Cognition and Mental Stimulation

Cognition and Mental Stimulation

Research suggests that engaging in mentally stimulating activities helps build your cognitive reserve which is your ability to withstand adverse brain changes before you exhibit symptoms. Experts believe that people who have attained a higher education level or have been exposed to more brain-stimulating activities may be more resilient to these negative effects.

Researchers think these new skills and habits create more connections between brain cells and brain areas. The more new things we learn, the more connections there are, so even if some of them die as a result of brain disease, there are still some connections that remain, which allows you to remain more functional.

The role of our cognitive processes is to absorb and understand information via experiences, stimulated senses and learning. When something happens that negatively impacts cognitive processes, it can severely affect quality of living and ability to carry out day-to-day tasks. 

Maintaining a healthy social life and staying socially and intellectually engaged with others also has been shown to bolster your brain function. By communicating with others, you challenge your mind to interpret verbal and visual cues and respond to them accordingly. Social interaction also can improve your mood and, potentially, ward off depression, which can adversely affect your cognition.

A study involving 2,000 healthy older adults (average age 78) found that mentally stimulating activities were linked to a lower risk or delay of mild cognitive impairment (MCI), and that the timing and number of these activities may also play a role. During the study, 532 participants developed MCI.

  • Using a computer in middle-age (50-65) was associated with a 48% lower risk of MCI, while using a computer in later life was associated with a 30% lower risk, and using a computer in both middle-age and later life was associated with a 37% lower risk.
  • Engaging in social activities, like going to movies or going out with friends, or playing games, like doing crosswords or playing cards, in both middle-age and later life were associated with a 20% lower risk of developing MCI.
  • Craft activities were associated with a 42% lower risk, but only in later life.
  • Those who engaged in two activities were 28% less likely to develop MCI than those who took part in no activities, while those who took part in three activities were 45% less likely, those with four activities 56% percent less likely and those with five activities were 43% less likely.

Mental activity increases the flow of blood, oxygen and nutrients to the brain. It also acts as a signal which promotes the expression of brain-derived neurotrophic growth factor (BDGF). BDGF is a protective chemical which induces growth and survival of neurons. 

Enriching mental activity also induces increases in synaptogenesis, with synaptic connections increasing by 50-100%. As the density of synapses is decreased in patients with dementia this effect is proposed to have a significant influence on the cognitive protection provided by stimulation.

The data suggests the risk for dementia appears to be substantially modifiable even during older age. Mental stimulation or cognition “training” has been shown to be beneficial in providing a protective and persistent neurological effect when used for as little as 3 months in late life (over 60 years of age). Cognitive programs that have been used to achieve this cognitive effect include:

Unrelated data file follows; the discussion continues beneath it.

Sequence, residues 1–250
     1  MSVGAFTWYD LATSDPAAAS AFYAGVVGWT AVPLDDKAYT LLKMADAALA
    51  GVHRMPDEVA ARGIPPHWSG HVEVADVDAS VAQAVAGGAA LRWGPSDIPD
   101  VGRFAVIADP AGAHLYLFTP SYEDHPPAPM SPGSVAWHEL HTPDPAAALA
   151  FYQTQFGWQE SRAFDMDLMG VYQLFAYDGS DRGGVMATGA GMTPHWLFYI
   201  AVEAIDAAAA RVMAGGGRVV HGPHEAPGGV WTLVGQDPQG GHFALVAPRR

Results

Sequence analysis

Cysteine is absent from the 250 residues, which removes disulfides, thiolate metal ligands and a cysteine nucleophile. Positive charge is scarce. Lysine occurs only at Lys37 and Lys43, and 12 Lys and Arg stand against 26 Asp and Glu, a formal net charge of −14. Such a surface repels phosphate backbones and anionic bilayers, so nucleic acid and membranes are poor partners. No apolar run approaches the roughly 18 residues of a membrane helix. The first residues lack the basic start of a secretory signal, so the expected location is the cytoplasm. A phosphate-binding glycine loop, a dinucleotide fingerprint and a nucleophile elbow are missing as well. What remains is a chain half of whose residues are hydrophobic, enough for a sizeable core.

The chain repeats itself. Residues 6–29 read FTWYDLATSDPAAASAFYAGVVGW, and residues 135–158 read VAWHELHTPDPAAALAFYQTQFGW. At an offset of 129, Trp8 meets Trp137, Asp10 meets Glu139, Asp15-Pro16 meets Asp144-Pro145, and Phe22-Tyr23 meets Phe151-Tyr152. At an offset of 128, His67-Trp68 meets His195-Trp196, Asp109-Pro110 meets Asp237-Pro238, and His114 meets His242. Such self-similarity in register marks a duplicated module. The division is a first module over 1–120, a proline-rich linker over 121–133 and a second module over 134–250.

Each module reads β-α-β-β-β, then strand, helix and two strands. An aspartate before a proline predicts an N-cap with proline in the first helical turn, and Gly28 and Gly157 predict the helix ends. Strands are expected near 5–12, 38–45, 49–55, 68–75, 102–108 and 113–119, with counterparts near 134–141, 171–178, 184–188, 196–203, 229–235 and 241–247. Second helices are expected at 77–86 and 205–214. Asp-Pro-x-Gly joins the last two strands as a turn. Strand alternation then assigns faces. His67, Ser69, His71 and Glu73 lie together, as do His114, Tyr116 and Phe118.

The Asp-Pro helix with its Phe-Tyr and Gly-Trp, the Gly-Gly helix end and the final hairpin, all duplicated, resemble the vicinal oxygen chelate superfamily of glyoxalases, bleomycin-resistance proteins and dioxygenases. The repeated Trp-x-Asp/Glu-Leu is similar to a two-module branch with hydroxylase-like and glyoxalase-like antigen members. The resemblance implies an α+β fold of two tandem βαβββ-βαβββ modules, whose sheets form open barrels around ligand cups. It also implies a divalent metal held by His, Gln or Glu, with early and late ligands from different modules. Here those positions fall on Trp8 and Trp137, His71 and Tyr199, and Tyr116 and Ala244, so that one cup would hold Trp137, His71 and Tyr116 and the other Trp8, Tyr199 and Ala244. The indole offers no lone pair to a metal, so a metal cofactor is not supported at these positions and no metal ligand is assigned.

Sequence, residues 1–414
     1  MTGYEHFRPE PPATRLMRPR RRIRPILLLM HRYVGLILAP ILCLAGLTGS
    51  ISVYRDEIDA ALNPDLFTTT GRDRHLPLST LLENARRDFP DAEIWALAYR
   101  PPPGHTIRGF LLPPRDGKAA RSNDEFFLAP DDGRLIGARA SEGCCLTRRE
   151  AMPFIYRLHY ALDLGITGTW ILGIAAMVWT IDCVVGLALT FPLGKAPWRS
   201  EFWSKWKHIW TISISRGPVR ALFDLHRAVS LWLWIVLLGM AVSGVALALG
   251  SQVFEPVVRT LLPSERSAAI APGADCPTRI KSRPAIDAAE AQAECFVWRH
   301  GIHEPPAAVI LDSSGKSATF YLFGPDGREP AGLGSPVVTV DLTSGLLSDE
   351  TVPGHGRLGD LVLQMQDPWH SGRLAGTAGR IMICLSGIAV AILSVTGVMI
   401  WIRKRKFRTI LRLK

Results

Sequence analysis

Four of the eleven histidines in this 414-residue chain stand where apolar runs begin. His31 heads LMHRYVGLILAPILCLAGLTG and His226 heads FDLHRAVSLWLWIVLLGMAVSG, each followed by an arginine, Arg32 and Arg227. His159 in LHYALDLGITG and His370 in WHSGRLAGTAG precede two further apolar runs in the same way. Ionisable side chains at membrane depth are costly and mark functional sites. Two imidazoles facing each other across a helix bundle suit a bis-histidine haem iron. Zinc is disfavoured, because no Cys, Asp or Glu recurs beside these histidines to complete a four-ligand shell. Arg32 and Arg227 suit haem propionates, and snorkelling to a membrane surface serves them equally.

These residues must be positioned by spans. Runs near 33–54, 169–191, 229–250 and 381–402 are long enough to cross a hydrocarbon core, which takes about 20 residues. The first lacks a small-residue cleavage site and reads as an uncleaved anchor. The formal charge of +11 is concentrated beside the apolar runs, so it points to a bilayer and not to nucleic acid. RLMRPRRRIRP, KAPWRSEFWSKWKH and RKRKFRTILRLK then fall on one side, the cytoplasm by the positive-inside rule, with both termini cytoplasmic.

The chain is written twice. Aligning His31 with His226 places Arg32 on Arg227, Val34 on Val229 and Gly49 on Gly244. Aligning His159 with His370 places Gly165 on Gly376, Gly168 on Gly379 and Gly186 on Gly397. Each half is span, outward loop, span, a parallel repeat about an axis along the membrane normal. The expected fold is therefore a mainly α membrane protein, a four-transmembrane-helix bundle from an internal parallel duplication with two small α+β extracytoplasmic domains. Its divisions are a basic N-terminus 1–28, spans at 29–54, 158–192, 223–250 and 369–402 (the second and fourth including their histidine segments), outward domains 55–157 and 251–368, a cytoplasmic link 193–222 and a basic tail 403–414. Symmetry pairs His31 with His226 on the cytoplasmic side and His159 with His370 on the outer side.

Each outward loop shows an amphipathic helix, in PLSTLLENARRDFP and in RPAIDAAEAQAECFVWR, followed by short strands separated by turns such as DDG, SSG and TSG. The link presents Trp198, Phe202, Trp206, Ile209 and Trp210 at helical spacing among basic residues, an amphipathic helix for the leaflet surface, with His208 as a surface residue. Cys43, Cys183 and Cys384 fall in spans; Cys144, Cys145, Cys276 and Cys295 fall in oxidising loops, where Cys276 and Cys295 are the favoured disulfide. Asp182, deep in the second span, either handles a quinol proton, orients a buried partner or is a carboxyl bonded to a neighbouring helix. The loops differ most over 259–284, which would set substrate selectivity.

• Reasoning training: Reasoning training is a test in logic.
  • Memory tasks
  • Attention tasks: Attention tasks are tasks which test a person’s ability to attend to important information and ignore unimportant information.
  • Information processing tasks
  • Problem solving:  The problems require reasoning and logic in order to solve. 

Mental stimulation looks to keep the brain active, challenged and stimulated through a number of different ways. Here are just some of the ways to do this:

1. Get creative: Doing anything remotely creative, writing a poem, painting, drawing or singing can get your cognitive processes flowing.
2. Learn a new skill such as another language or an instrument.
3. Puzzles: Playing a board game such as Scrabble or completing a crossword puzzle is an easy way to improve your language-relatedcognitive processes.
4. Get physical: Physical exercise is another great way to stimulate your brain, it’s also good for your health and releases a load of endorphins – which we love. Especially beneficial are physical tasks that require thinking such as dance or Tai Chi.
5. Cognitive behavioral therapy (CBT) is a great way to “restore your brain’s structural balanceand switch up your current way of processing information.”
6. Brain training: Mobile-based brain training applications are all the rage, not only are they a science-backed way to challenge your cognition, but they can be done in a matter of minutes. However, research about the benefits of specialized brain-training programs has produced mixed results. The majority of evidence would indicate that these tests help you do better in a particular area, so if it is training your attention, you’ll get better at doing that attention task. What is less clear is whether it will generalize to other areas of your life.


Are you interested in learning about your cognitive decline risks? There are still a few spots left in our Healthy Aging Brain Research Study.

Early identification of cognitive issues is critical for implementing proactive measures that can positively impact brain health, reduce the risk of dementia, and contribute to a higher quality of life as individuals age.  Apply for The Healthy Aging Brain Research Study here!

Written by:

Efan Gonsalves
Registered Physiotherapist, Athletic Therapist (retired)




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